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Topic:
find minimum of a function with abs and squares analytically
Replies:
3
Last Post:
Dec 23, 2012 5:19 PM




Re: find minimum of a function with abs and squares analytically
Posted:
Dec 23, 2012 4:42 PM


On Sunday, December 23, 2012 9:08:56 AM UTC8, richard...@gmail.com wrote: > Hi, > > > > I want to find the analytical minimum 'x_opt=argmin(x)' of the following function: > > > > f(x) = alpha * c + x + beta * x ^ 2 > > > > where x is a real number (x is_element_of R), c is a real constant (c is_element_of R), alpha and beta are positive real constants (alpha is_element_of R+), beta is_element_of R+), ? is the absolute value function and ^ is the power function. > > > > Looks simple, but the absolute value function makes it somewhat tricky. As already mentioned, i want to find the solution to this minimization problem analytically, not numerically. > > > > I managed to split the optimization up according to the three cases x < c, x = c, x > c, and solve each case separately analytically (by setting the first derivative to zero). > > > > For the three cases I have now the solutions x_opt = alpha/(2*beta) [for x < c], x_opt = c [for x = c], and x_opt = alpha/(2*beta) [for x > c]. But how to 'combine' these solutions now to get the solution 'x_opt' (as a function of 'x') ? > > > > So i would need a function 'phi(x)' which delivers me 'x_opt' for a given x, 'phi(x) = argmin f(x)'. How does phi(x) look like ? > > > > thx in advance for any advice.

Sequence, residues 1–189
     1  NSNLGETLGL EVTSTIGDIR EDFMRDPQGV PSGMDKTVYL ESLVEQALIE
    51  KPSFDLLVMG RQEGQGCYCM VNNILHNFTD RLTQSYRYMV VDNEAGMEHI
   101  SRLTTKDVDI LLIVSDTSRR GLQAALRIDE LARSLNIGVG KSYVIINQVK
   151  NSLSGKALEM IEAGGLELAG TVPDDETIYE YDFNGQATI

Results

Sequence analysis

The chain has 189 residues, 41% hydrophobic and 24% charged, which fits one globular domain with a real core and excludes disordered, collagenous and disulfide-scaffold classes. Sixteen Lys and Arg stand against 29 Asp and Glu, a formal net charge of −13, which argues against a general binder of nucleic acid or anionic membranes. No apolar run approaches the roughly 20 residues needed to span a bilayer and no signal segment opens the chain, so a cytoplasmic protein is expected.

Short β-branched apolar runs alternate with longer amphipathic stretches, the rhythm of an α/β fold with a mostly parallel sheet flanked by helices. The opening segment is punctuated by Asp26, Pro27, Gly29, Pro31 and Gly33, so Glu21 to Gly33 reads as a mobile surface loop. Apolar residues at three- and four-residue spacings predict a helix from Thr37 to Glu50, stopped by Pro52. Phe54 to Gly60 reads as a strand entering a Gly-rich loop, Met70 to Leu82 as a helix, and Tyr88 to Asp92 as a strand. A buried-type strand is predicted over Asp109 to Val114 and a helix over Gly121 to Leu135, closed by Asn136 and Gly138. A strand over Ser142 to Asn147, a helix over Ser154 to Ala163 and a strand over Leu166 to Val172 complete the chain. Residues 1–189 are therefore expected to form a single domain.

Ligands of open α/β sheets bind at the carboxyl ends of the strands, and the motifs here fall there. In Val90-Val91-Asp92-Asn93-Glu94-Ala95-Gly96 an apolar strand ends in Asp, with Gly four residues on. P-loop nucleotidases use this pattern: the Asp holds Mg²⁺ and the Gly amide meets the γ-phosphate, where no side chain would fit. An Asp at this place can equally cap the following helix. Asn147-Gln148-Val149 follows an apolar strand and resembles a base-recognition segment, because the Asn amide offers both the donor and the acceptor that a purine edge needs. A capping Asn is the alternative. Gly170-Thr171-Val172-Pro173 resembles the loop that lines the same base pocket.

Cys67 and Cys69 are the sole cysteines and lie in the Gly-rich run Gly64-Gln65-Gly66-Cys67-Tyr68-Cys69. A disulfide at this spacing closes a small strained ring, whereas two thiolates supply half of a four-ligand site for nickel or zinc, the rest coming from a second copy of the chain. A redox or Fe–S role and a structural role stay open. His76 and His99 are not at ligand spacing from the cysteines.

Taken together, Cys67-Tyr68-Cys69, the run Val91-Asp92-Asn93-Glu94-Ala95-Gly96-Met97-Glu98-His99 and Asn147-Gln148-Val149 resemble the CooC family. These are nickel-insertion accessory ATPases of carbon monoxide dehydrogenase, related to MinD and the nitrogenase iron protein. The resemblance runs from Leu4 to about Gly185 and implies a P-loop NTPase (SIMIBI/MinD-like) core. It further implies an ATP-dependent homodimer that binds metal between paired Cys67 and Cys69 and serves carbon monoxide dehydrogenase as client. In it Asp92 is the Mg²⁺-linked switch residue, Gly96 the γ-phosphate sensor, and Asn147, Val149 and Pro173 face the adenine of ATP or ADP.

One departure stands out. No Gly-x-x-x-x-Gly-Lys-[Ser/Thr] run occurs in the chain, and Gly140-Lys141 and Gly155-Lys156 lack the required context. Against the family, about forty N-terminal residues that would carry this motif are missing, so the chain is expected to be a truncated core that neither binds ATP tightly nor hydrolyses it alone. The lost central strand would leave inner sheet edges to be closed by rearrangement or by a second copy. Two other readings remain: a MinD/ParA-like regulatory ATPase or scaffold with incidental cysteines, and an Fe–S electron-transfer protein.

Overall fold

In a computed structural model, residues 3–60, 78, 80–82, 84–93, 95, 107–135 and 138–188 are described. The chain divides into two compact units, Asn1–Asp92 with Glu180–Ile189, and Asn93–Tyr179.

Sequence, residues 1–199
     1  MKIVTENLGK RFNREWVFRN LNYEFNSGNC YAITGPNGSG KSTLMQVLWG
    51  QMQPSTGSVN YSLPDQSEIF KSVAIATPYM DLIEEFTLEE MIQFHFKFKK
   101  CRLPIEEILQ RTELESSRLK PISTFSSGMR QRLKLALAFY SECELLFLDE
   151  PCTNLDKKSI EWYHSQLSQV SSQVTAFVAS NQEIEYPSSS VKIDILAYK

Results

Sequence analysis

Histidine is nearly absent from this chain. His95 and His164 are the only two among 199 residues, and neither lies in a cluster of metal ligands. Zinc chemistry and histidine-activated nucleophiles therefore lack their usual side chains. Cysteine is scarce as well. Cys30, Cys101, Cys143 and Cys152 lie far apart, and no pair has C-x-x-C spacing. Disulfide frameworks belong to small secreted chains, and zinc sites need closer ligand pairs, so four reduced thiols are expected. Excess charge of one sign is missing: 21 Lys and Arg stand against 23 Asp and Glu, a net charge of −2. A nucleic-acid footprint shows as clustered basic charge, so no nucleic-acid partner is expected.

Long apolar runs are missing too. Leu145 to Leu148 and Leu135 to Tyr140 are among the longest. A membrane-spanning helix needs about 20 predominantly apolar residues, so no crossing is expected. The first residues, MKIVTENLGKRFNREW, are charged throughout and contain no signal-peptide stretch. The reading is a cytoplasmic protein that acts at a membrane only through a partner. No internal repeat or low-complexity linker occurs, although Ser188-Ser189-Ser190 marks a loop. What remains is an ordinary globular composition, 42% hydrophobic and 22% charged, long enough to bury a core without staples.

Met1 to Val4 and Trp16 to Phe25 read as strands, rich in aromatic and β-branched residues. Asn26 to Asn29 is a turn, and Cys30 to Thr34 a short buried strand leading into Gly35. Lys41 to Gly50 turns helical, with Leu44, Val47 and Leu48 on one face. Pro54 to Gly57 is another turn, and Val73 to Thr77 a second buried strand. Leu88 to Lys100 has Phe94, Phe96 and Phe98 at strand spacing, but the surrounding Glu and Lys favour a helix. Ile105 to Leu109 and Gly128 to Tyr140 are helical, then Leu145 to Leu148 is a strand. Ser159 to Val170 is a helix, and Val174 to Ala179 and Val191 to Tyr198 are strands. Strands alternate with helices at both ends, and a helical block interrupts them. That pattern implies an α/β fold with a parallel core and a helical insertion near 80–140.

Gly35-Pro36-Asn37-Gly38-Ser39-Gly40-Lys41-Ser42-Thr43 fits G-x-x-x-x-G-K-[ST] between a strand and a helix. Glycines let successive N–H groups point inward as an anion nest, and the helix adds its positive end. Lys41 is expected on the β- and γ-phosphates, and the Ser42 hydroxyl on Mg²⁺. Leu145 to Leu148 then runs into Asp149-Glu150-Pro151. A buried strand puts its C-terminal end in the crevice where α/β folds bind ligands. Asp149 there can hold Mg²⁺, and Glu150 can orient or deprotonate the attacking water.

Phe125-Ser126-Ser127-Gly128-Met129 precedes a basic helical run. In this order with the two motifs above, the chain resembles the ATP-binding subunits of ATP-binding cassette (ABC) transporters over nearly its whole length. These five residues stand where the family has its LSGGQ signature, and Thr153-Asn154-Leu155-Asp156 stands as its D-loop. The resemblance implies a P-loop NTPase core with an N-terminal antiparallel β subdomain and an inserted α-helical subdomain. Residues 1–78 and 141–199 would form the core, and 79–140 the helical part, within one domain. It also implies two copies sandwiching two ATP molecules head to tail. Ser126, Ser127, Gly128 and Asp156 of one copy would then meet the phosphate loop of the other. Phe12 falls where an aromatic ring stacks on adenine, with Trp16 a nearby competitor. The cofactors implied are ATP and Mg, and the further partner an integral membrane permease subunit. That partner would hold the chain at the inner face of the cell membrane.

Optimizing in each part separately *by setting the derivative to zero* may lead nowhere. If alpha and beta are both > 0, the optimum in each separate region may be at the endpoint x = c, where the function does not have a derivative at all. So, you should modify the procedure to say: the optimum in the region (for each separate region) is either where the derivative = 0, or is at the endpoint. The righthand end x = c (for the region {x <= c} is the minimum if f'(c0) <= 0. The lefthand endpoint x = c (for the region {x >= c} is the minimum if f'(+0) >= 0.